Director: Leslye Headland
Starring: Jason Sudeikis, Alison Brie
For years people have been writing that the romantic comedy is dead - financially by no longer making money (though, given the scarcity of studio attempts in the last decade and given that simply declaring that anything geared towards women fails to turn a profit is generally preferred to actually testing the assumption, I think you have to take that notion with a grain of salt), and creatively by being stymied by how entrenched the storytelling is in tropes. Every once in a while, there's also an announcement that the genre is showing signs of life courtesy of a new movie that gets enthusiastic champions in some critics. You treat these announcements with caution and, if you see the movie in question, you may be pleasantly surprised or you may wonder what the fuss was about. With Sleeping with Other People, my reaction fell somewhere in between. Some of it is good, some of it is marked by the same vaguely sexist notions that pervade the genre, nothing about it is transcendent, and per usual the supporting players are more interesting than the leads. But compared to some of the other movies Netflix has recommended to me (*cough*The Canyons*cough), this is a masterpiece.
The couple is Jake (Jason Sudeikis) and Lainey (Alison Brie), who meet in college, lose their virginity to each other, and go their separate ways. Years later they run into each other again at a meeting for sex addicts, though both claim that they aren't actually sex addicts. Lainey is there because her therapist believes the group will help her move past her "love addiction," which expresses itself destructively in the form of a years' long on-again/off-again affair with the man to whom she had wanted to lose her virginity in college, and who has been stringing her along ever since despite now being married with a baby on the way. Jake, meanwhile, is there at the urging of his friends who are concerned about his inability and disinterest in maintaining a monogamous relationship. Although they remain attracted to each other and even end up going out on a date, they decide that they ought to just be friends so that they can each have at least one relationship with a member of the opposite gender that doesn't end up getting screwed up because of sex.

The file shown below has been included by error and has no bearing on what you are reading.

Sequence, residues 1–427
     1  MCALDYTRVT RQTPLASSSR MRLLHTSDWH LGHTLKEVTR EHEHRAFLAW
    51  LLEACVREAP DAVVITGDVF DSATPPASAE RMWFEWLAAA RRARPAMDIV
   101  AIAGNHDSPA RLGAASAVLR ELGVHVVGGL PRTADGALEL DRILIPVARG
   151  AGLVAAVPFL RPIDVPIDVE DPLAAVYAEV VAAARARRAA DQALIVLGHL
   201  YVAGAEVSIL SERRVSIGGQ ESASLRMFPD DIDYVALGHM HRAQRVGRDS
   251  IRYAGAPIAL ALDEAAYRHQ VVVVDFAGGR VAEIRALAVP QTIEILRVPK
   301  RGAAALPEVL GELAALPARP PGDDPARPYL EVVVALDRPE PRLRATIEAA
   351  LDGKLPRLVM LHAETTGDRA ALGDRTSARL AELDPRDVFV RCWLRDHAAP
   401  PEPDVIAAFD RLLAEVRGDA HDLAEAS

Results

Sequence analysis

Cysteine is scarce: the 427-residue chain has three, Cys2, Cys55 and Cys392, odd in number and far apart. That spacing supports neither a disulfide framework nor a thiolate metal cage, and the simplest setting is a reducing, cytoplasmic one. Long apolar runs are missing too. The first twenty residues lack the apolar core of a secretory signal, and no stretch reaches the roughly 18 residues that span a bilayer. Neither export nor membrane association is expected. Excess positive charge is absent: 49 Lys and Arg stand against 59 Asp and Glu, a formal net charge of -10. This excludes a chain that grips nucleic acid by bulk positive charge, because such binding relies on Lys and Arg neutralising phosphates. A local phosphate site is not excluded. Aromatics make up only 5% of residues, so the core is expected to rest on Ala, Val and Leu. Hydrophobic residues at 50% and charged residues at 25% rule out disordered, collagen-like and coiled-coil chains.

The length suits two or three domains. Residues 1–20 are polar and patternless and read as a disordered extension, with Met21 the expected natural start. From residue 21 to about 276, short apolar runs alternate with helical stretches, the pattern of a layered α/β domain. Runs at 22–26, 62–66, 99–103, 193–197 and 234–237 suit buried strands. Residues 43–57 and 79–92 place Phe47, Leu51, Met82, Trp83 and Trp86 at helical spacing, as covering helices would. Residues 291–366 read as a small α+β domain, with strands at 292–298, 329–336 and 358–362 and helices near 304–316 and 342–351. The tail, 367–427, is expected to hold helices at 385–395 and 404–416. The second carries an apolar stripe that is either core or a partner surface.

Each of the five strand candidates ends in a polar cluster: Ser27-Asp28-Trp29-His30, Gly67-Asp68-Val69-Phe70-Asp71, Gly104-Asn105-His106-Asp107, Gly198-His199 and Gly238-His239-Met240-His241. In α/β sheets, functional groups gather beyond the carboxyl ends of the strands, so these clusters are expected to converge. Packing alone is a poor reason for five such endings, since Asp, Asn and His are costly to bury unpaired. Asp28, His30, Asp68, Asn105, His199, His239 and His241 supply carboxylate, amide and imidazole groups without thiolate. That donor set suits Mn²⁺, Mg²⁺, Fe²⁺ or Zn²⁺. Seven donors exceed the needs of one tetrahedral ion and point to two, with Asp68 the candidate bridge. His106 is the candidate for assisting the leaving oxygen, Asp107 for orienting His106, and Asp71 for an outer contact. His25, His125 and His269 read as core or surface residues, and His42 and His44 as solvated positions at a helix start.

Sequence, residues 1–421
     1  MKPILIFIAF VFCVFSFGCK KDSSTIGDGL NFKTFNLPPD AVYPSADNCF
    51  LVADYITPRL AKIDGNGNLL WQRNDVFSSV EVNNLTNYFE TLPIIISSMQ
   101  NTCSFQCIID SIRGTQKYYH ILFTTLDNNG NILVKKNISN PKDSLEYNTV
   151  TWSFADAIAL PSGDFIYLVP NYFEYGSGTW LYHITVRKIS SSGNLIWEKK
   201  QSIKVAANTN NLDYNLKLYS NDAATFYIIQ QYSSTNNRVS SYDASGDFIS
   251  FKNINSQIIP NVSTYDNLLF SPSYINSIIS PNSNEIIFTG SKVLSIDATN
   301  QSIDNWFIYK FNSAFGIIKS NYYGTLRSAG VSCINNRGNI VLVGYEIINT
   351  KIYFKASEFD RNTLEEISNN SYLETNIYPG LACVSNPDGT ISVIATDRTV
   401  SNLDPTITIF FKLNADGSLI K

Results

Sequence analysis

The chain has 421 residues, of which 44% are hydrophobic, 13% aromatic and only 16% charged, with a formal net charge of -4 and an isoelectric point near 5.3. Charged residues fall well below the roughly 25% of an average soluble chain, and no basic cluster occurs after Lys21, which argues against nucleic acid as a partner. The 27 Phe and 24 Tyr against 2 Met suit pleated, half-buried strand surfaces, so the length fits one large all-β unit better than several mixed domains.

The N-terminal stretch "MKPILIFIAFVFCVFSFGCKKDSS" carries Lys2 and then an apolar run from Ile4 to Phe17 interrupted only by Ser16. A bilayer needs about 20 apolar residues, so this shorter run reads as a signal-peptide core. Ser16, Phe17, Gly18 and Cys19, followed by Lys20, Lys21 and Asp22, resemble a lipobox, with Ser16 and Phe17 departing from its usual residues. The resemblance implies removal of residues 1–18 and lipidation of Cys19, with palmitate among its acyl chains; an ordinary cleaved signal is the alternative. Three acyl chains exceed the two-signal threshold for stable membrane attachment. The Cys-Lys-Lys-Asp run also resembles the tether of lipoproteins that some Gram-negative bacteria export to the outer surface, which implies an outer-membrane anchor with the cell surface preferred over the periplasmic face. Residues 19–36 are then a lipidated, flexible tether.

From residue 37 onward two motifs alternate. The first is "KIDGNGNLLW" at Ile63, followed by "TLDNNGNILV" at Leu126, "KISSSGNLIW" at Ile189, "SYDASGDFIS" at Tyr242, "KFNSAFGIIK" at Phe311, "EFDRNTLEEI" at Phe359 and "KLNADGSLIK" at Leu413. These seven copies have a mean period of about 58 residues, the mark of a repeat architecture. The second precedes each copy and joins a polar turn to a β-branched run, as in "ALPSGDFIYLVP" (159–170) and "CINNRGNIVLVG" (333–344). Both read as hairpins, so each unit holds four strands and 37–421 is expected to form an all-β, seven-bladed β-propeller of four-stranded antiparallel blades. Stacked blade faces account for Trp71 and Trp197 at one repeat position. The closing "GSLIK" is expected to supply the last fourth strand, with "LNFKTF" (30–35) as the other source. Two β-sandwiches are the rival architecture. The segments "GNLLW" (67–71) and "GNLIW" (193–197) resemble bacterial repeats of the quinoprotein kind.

While Lainey spends much of her time trying to avoid getting reeled back in by her former lover, which includes taking steps to pursue her dream of going to medical school and getting briefly involved with a man she meets through Jake's friends, Jake dates around and tries to make something out of the sustained flirtation he's been enjoying with Paula (Amanda Peet) who, having run of the company that has bought the start-up founded by Jake and his friend Xander (Jason Mantzoukas), tells him that nothing can happen between them because their work situation would make it inappropriate. Undeterred, Jake continues his pursuit and eventually wins Paula over, only to commit the worst kind of faux pas at the worst possible moment because he's fallen in love with Lainey. She's fallen in love with him, too, but she's now intending to move to Michigan for school and, besides, if they were to get together and re-introduce sex into their relationship, it would just destroy it... right?